I firmly believe that having a mentor is the greatest way to learn.
I mentor people and I have two mentors myself. My mentors have mentors.
No one knows everything, and many things can’t be found in books or courses. Some things can only be learned from people who have experienced them themselves. This holds true no matter your role, your organization type or your sector—or even your experience.
Although I’ve been in the not-for-profit sector for decades, there are still many, many things I know little or nothing about. If I find I need to learn about them, my first task is always to look for a mentor.
Why a mentor?
Unlike courses or books, a mentor can provide you with the specific advice you need right when you need it. Rather than taking a course on recruiting volunteers, for example, when all you need to know at the moment is how to interview candidates, you can ask your mentor the exact questions you need answers to in order to continue on. It saves time and can give you insight into things you may not have known you needed to think about.
A mentor can do more than just advise you.
I can’t count the number of times I called a mentor just to vent. Problems were happening and while I knew how to fix them, I was just so frustrated I needed to let it out. Seldom can we allow that kind of frustration out on our co-workers or supervisors—and certainly never on volunteers. Keeping it to ourselves, however, increases stress levels and can impact our health. Having someone to vent to, who’s “been there, done that” can be a great relief. Your mentor can often help you see the issues more objectively, and thus they can feel less overwhelming.
Advice and a sympathetic ear but what else can a mentor do for you?
They can expand your network. This is especially valuable if you are new in your role or have recently moved into a different type of organization. A mentor who has been around for a while can introduce you to people who can advance your career, can sponsor you into private groups and even be a job reference if you are in need of one.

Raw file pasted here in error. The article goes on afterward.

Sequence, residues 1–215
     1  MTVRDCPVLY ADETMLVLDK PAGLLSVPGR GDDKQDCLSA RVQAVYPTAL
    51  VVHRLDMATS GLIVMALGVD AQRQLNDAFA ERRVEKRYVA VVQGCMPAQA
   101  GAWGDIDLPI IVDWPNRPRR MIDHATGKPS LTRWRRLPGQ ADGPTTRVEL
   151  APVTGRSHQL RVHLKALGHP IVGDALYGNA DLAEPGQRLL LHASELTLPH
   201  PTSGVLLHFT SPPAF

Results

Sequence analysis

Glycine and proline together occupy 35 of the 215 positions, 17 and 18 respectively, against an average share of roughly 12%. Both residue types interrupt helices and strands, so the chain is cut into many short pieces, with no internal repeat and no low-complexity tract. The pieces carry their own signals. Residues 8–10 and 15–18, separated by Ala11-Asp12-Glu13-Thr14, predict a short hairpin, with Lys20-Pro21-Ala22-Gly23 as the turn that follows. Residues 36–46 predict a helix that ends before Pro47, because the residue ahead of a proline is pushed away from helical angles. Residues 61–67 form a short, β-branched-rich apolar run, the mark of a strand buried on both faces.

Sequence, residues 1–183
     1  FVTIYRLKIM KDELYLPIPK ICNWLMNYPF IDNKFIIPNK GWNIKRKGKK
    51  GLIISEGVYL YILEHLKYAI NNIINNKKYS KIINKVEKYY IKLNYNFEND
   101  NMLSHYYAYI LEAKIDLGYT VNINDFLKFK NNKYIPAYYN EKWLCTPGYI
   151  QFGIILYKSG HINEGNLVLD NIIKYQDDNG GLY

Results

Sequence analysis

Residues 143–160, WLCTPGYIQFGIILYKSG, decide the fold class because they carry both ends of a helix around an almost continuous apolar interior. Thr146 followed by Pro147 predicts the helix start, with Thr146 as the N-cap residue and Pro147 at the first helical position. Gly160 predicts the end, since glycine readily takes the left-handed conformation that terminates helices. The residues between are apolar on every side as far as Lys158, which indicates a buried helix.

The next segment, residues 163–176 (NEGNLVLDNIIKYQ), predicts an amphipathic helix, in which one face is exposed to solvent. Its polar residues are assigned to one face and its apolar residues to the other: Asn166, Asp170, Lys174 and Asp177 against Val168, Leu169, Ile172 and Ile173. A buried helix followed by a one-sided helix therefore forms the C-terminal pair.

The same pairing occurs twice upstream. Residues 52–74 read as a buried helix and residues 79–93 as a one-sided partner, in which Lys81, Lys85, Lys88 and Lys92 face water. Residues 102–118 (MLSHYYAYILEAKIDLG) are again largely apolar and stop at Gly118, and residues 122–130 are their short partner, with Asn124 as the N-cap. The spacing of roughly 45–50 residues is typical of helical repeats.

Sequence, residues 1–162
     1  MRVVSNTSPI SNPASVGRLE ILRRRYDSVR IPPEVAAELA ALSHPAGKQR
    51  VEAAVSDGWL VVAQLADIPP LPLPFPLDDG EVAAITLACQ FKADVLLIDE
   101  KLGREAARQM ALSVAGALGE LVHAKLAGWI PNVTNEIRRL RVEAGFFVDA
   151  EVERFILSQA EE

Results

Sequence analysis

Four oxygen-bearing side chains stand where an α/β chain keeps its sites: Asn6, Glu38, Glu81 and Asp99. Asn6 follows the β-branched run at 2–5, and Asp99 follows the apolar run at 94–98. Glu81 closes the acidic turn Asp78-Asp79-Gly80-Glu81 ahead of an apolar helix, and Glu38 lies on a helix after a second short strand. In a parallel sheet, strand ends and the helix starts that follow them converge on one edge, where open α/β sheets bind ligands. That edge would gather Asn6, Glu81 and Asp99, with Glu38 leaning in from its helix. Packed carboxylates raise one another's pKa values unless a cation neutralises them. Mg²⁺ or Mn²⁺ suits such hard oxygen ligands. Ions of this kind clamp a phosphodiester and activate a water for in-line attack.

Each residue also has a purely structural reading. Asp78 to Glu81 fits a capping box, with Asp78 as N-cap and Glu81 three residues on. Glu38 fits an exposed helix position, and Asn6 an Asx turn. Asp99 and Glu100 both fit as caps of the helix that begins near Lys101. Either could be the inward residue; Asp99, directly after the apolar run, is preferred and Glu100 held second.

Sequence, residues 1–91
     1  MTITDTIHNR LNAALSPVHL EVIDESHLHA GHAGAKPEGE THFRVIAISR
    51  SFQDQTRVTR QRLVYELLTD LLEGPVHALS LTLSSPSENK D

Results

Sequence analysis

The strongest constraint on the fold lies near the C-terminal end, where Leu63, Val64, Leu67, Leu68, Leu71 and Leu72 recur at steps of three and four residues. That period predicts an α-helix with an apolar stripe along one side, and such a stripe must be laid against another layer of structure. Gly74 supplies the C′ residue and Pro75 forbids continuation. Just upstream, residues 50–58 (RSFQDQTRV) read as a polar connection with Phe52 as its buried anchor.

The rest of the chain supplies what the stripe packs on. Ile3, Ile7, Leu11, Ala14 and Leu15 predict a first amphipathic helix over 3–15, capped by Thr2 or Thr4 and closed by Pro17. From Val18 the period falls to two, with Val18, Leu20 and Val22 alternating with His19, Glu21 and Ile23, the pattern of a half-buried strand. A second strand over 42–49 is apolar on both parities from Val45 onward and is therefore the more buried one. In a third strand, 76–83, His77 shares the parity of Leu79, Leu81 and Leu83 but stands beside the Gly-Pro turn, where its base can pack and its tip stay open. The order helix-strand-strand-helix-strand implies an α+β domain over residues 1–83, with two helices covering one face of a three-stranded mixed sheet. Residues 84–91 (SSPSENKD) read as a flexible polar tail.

Assuming you’ve decided a mentor is a good idea, who should you ask?
Take a look around your sector. Who is out there who you admire and who is, or has done, the work you’re doing? Choose someone who has more experience than you, at least in the particular area you want to grow in. I have had people mentor me who had far less overall experience than I have but whose experience covered portions of the sector (like fundraising) to which I was completely new.
Make sure they hold the same values you do, otherwise their advice may run counter to what you’re comfortable with. If you don’t know their values, find out. Ask them outright or ask questions that will indicate how they view certain issues.
Once you’ve chosen someone, how do you get them to agree to mentor you?
That’s easy—ask them! Most people are honoured to be asked. If they have the time to spare, they are highly likely to agree.
Understand, there are two types of mentors—paid and unpaid. Both have their advantages and disadvantages.
The paid ones will be committed to meeting regularly, usually have significant amounts of experience, and often have a structure in place to ensure you get everything you need. The downside, of course, is you have to pay them.
Unpaid mentors, besides being free, are often people you already have a connection with. That makes it easier to know their values and whether or not you’ll be a good match. The drawbacks are: 1. They may not have had any experience mentoring, so that may expect you to lead the relationship. 2. Because they are not being paid, other things may take priority over meeting with you.
The decision on which way to go depends on you. Both ways are better than not having a mentor at all.
After years of mentoring and being mentored, I would never go without. Try it.
This article is written by or on behalf of an outsourced columnist and does not necessarily reflect the views of Castanet.